Strategic Thoughts

bannerspacerAbout Me | Mail Me | Linksbannerspacer2

February 27, 2007

Energy Plan 2007

BC's new Energy Plan came with a timeline, but the timeline is missing one very important item; when will BC Hydro's Integrated Electricity Plan (IEP) be updated so as to be consistent with the Energy Plan? That's like having a Green Throne Speech followed by no provision in the budget for Green initiatives. Without an updated IEP, much of the Plan is just nice sounding rhetoric.

Appendices A-F to Hydro's 2006 IEP, which is currently before the BC Utilities Commission, are 628 pages long. The "Load and Resource" data for Hydro's projections are in Table E-5 (pdf page 178). Using that data you can see that Hydro projected a shortfall of 23,100 GWh (gigawatt hours) by 2020; if 50% of future needs are going to be met through conservation, as promised in the Plan, then 11,550 GWh must be saved through some form of demand management. That's 15% higher than the 10,000 GWh that a fact sheet released with the Plan says will be saved, and about 20 times more than Hydro expected to save through demand management in 2006. In today's terms, it is equivalent to eliminating 18.6% of current usage, or unplugging about 1 of every 5 Hydro customers. Perhaps that is why the Campbell government described its conservation objective as "ambitious"; we'll have to wait to see what is required to make the objective attainable.

BC Hydro president, Bob Elton was quoted by the CBC speculating about encouraging conservation by going to a two-tier rate for residential customers. One of many problems with that scheme is that residential electric meters can't handle that kind of billing. Hydro needs to provide an estimate of the cost of converting residential electric meters throughout the province.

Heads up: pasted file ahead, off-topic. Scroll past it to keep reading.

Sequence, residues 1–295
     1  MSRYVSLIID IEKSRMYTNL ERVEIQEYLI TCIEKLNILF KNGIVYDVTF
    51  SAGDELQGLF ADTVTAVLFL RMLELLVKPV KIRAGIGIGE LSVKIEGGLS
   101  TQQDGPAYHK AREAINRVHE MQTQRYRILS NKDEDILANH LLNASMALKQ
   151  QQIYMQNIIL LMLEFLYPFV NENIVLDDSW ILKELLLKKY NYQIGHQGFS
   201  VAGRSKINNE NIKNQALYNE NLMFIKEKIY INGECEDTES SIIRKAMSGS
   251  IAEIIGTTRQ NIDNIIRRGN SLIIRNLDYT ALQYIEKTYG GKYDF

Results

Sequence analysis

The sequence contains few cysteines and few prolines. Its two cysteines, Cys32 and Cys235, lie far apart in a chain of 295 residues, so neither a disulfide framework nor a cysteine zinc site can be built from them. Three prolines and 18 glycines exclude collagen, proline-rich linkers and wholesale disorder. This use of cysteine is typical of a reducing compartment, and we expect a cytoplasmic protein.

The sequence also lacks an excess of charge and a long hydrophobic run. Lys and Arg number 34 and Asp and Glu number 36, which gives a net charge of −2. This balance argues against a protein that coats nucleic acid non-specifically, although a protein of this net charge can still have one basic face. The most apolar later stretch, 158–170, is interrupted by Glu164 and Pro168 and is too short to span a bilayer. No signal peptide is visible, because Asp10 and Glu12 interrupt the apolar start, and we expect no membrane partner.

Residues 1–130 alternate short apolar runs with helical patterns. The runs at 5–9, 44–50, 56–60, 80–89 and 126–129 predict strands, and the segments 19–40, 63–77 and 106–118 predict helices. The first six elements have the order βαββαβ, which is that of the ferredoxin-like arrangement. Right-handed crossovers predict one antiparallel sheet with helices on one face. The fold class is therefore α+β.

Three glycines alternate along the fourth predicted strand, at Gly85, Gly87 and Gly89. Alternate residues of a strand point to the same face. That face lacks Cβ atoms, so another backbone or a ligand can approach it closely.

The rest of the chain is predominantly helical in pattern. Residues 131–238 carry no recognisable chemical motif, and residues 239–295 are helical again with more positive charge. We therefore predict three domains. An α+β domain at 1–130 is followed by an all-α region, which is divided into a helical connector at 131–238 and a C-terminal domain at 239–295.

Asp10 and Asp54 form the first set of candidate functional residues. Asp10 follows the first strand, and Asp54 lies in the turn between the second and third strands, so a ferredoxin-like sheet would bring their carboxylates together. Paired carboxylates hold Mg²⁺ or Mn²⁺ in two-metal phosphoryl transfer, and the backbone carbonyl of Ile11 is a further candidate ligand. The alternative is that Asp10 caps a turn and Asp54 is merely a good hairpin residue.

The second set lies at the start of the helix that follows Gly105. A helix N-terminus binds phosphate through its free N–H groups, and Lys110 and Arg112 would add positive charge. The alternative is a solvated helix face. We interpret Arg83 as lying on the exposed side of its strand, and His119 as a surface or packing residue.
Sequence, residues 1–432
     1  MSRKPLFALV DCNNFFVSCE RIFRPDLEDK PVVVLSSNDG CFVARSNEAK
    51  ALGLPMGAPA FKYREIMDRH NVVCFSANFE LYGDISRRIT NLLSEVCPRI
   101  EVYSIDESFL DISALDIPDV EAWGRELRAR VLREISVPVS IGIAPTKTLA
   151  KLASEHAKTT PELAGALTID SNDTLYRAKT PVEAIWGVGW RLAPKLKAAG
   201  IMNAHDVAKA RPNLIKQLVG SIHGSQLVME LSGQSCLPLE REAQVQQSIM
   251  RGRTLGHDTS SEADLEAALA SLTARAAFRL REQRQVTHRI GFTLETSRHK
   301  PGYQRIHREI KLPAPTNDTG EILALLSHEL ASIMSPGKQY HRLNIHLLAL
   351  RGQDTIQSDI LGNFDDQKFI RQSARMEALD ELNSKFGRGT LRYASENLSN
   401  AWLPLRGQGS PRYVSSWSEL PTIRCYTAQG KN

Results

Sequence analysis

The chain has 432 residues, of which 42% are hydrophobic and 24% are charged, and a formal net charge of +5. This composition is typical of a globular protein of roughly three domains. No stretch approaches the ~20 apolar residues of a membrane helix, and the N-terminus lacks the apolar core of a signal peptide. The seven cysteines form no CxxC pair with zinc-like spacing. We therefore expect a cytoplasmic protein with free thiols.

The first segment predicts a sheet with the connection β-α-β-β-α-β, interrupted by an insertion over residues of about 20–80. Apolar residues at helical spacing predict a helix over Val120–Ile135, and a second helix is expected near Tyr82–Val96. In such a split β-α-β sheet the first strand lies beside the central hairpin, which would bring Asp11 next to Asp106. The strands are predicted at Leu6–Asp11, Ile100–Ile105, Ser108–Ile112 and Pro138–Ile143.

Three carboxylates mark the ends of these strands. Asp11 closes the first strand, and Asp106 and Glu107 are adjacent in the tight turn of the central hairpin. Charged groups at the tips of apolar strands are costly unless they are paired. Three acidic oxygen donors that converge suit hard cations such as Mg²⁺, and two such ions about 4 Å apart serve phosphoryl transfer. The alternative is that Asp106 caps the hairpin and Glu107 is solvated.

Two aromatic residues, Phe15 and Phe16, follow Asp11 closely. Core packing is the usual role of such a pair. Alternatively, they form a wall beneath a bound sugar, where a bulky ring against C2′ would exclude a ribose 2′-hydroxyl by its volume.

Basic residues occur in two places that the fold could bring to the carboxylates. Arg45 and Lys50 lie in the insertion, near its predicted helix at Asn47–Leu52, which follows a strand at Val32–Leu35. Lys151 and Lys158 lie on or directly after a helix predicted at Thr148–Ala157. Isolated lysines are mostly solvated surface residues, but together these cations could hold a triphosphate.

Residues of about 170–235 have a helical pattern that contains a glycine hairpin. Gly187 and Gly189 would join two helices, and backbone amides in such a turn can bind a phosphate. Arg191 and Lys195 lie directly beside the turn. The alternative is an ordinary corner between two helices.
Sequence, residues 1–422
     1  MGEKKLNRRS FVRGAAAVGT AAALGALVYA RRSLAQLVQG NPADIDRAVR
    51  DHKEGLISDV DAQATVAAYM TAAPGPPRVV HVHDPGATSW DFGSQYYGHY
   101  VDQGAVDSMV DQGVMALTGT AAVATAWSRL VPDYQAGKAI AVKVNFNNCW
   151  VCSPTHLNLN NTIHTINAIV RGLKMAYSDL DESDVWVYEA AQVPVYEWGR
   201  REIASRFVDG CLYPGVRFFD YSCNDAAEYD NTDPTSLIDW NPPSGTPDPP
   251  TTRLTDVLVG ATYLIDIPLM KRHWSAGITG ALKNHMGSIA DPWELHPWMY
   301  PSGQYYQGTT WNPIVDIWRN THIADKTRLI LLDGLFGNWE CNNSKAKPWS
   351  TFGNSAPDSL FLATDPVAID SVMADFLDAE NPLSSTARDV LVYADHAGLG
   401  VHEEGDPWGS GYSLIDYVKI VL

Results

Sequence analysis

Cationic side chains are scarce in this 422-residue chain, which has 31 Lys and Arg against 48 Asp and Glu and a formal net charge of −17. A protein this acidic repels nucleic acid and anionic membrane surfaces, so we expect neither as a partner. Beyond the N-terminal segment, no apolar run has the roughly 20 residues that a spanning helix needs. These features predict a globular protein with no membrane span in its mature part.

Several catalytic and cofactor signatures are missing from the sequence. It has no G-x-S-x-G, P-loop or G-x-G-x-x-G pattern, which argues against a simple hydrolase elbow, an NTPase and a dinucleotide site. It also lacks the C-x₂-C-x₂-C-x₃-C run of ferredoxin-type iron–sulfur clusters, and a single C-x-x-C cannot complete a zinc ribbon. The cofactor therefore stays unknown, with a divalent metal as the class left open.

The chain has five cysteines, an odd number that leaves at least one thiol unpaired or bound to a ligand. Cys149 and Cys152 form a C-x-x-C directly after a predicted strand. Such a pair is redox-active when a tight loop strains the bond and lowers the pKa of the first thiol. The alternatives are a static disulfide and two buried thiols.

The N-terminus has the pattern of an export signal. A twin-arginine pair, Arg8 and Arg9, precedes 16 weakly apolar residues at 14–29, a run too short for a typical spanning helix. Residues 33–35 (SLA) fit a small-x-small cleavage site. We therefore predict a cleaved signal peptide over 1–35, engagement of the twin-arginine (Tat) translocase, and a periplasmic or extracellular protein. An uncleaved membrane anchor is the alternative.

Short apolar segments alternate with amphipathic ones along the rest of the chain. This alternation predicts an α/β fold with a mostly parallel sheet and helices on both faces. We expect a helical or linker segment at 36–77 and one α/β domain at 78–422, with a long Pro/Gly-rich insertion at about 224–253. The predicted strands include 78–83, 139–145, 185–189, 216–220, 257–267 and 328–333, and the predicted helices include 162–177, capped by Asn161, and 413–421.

A goal of the Energy Plan is to make BC electricity self-sufficient by 2016. BC Hydro's 2006 IEP shows that about a third of BC's electricity will come from private "IPPs" (independent power producers). That leaves the problem of what happens when contracts between Hydro and the IPPs expire in 20 or 30 years. Unlike the heritage that WAC Bennett left for future generations, the heritage of expiring IPP contracts will leave future generations with private power producers who will be free to sell to anywhere on the North American power grid at prevailing market prices. Rather than capturing those future economic rents to be used in BC, as is the case with dams on the Columbia, the future profits will go to the bottom line of dozens of private companies. The long term plan of the Campbell government appears to be the privatization of power generation. How's that for electricity self-sufficiency?

From the point of view of conservation, higher electricity prices are probably needed. In the words of the Plan: "A key demand side management tool is pricing structures to either discourage consumption overall, or shift demand to less costly periods." For decades BC industry, as well as residential consumers, have benefited from some of the lowest electricity rates in North America. It doesn't take an economist to point out that lower prices mean higher consumption. Energy Star appliances and energy efficiency standards for building codes will help with conservation, but those steps will be undermined if the policy of the government is to keep electricity rates as low as possible. Don't hold your breath waiting for a political debate on that topic, at least not before the May 2009 election. The issue shouldn't be whether we pay higher rates, but who benefits from the profits derived from higher rates and what mitigation should be put in place for low and moderate income families who will pay much more in increased electricity rates than they have saved with tax cuts.


About Me | Mail Me | Navigation | Top
2007 David D. Schreck. All Rights Reserved.